“How was school?”
I handed him the notebook. Immediately, he scanned the page where it was opened, his hands automatically adjusting a rose-bed without the need of his sight.
I kept my stare. It was weird. I never thought gardening a human would cause me to confuse him with someone else.
His hands stopped.
“How to plant a human bean.” he read my notes. I had studied father’s books all day instead of paying attention to class. He removed the gloves and took it to continue his reading:
How to plant a human bean:
1.) Seed — pick a human you like
2.) Soil — bury the human’s feet under a home where it can grow.
3.) Light — is happiness, give the human light by making him laugh
4.) Water — if thirsty, teach the human how to cry so it can drink from the pool of tears, be careful not to drown them
5.) Air — do not place next to another human, they must have equal room to breathe
6.) Prune — trim the nails and cut the hair
7.) Pests — cure its wounds and clothe its scars
I 8.) Weed — pluck the enemies which try to steal its house
9.) Speak — talk to the human so it wouldn’t be lonely
After reading this, father, the man in front of me, whom I am so familiar and near, smiled. But how I saw him do this like it was the first time.
“You’ve done well.” he patted my head.
I remained troubled. “Father,” I began, not breaking my study of him, “how do I know that the human bean I planted is you?”
He looked at me thoughtfully.
“How do I know that, when humans have no colour like roses or sunflowers? When they have the same number of branches? Or when none of them takes root in a pond like water-lilies?”
Father stroked my hand. “Why these questions at a young age?”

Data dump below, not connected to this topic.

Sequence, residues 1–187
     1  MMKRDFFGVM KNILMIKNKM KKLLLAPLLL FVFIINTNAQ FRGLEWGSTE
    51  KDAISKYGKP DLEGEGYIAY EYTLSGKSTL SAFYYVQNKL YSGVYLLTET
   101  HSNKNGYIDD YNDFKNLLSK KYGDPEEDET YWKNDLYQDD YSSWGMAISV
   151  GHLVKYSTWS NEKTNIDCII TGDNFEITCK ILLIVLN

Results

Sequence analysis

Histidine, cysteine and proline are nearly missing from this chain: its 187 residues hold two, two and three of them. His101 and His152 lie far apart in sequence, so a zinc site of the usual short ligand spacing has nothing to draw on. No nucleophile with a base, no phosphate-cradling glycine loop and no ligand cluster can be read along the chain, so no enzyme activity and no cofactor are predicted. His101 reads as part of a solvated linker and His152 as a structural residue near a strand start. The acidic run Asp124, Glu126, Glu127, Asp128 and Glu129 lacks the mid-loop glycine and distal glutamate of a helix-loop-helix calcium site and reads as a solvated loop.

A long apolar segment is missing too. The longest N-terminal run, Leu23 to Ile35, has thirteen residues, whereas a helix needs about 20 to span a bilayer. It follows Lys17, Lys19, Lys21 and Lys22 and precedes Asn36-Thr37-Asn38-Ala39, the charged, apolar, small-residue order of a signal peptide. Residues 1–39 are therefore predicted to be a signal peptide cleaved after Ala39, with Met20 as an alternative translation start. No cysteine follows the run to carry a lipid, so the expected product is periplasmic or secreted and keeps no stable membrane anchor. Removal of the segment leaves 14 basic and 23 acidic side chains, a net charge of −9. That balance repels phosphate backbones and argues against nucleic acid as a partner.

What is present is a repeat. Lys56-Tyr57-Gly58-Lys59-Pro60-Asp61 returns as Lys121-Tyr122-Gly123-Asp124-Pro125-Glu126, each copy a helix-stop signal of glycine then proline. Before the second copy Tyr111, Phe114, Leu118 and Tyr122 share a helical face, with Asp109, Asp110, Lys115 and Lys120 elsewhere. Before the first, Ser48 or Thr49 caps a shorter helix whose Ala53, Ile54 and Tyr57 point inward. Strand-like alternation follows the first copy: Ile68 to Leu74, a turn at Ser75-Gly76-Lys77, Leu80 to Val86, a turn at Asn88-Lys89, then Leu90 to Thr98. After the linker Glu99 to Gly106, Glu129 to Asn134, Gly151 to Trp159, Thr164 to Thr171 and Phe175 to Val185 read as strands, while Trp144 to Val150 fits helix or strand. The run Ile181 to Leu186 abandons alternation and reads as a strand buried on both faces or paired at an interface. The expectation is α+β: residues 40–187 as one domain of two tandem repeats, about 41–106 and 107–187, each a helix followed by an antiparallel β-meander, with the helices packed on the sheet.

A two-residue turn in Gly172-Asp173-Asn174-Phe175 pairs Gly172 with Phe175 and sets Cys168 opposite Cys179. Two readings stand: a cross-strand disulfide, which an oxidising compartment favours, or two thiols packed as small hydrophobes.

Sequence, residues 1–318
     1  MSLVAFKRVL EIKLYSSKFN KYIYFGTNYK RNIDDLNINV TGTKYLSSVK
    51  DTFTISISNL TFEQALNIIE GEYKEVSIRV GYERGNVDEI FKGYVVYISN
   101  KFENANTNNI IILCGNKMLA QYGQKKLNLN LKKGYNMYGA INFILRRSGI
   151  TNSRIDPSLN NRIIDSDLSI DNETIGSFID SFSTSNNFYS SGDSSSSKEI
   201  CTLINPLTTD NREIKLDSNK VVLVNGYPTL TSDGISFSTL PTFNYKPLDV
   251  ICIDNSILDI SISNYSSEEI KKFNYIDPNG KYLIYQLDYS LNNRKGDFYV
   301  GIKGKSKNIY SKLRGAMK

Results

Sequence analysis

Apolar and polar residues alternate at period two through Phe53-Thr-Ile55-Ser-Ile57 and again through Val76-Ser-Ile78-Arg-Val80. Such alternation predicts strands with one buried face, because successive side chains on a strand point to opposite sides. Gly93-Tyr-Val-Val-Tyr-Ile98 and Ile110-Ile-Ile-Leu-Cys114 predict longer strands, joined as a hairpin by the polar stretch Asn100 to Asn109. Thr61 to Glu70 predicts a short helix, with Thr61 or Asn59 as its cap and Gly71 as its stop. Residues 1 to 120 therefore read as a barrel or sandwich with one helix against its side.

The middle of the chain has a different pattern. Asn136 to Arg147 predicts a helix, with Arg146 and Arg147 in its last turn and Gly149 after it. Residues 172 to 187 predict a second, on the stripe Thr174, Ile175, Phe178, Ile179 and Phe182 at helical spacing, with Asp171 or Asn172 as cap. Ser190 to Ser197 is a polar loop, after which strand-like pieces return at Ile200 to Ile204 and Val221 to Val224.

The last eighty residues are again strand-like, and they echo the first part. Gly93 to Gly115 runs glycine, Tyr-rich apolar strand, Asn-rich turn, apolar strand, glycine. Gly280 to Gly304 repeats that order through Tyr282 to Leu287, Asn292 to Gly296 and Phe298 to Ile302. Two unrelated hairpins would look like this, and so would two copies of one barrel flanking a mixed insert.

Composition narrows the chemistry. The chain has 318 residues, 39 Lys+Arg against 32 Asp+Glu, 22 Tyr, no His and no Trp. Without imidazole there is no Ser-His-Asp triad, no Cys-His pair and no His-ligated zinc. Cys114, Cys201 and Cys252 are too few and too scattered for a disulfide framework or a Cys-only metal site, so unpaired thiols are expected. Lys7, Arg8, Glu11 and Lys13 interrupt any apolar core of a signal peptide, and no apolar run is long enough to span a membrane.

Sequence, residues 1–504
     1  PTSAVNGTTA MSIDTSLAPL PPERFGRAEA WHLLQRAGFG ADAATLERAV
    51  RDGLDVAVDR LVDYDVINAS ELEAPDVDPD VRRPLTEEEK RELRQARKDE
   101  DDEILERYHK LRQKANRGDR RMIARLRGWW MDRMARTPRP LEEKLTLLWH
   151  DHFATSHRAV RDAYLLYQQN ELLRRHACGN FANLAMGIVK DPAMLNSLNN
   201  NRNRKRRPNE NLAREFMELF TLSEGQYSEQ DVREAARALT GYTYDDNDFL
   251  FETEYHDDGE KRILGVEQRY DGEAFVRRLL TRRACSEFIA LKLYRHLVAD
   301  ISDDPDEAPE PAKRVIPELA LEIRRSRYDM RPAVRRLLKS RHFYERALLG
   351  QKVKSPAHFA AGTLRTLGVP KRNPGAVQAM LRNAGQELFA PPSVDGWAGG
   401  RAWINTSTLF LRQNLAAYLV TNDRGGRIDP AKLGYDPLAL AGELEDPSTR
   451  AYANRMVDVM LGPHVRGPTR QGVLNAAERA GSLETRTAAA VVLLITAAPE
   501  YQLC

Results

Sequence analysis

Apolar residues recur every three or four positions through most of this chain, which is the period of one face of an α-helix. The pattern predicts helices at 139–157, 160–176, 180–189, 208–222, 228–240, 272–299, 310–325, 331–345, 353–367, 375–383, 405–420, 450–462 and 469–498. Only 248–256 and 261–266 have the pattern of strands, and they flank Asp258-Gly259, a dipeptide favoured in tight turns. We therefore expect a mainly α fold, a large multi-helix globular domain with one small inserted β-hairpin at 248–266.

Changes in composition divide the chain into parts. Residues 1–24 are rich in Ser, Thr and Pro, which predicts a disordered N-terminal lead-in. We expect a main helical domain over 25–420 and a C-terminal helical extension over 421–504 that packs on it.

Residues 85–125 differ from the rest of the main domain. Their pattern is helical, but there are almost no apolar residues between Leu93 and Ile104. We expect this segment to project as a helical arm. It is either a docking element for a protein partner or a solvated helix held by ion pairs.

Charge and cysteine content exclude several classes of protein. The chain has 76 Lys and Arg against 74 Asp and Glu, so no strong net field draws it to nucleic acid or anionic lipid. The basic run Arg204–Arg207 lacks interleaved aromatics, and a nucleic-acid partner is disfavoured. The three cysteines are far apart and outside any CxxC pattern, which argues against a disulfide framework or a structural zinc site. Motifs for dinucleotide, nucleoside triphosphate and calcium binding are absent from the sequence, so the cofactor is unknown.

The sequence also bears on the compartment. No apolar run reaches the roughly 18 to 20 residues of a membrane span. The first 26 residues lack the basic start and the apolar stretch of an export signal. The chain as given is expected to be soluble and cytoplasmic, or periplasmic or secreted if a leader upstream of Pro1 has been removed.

“Father. . .” I was sorely concerned by the possibility of planting another human than father.
“Father thinks that if he plants a violet, the flower cannot be other than violet.” said he as a comfort for a while. Knowing how easily I get ill-at-ease by myself.
It was another afternoon spent in the garden.
I never understood father’s thoughts. Even now, as I kneel before him. A grown human bean. From that memory of our garden, I based my life on the nine instructions I wrote as a child. Whenever I was fond of a human, I would begin the steps. I do it without error. I had a pot collection of my own. Yet at some point, it was amiss. I couldn’t quite balance their growth. I haven’t quite mastered gardening like how father did.
Father, what has become of this human bean?
I lay a palm on the ground. “Oh father.” I see his name engraved on a stone, where his remains are deeply planted under the flowerbeds.
“What if the human bean withers away?”
I was in our same garden. I strolled most of the afternoon away, observing how he cared for my memory of the shrubberries and herbs. It was meticulously exact. As if father wished to preserve here the time. I wanted to pick a flower for him. I found his box of tools from underneath a row of pots and from it, fished a pair of scissors, when I caught a familiar name.
“Violet.” it said. The handwriting was terribly familiar too. I picked it up. It was a notebook with my name on it. Immediately, I knew it was that from a decade ago.
My father, he kept it.
I walked back to his grave and sat.
“Do you remember this, father? Perhaps you do more than I. As a child—no, even at this age, I am afraid that the human bean I planted is not you at all. What was it that you told me of violets? How could you not mistake me for another flowe—”
My thoughts went blank. On the paper I saw ten instructions. Ten—I only wrote nine.
It was not of my handwriting. It was father’s.
10.) Love — remember to plant the human bean in the garden of your heart.
I clutched the notebook to my chest as I did long ago and cried. “Oh father.” I understood his meaning. He could never mistake me for another human bean. I realised what this place was to father. Why he had carefully maintained this space. It was his heart.
“I am forever planted in yours.”
Even with tears, I could see clearly our garden of violets.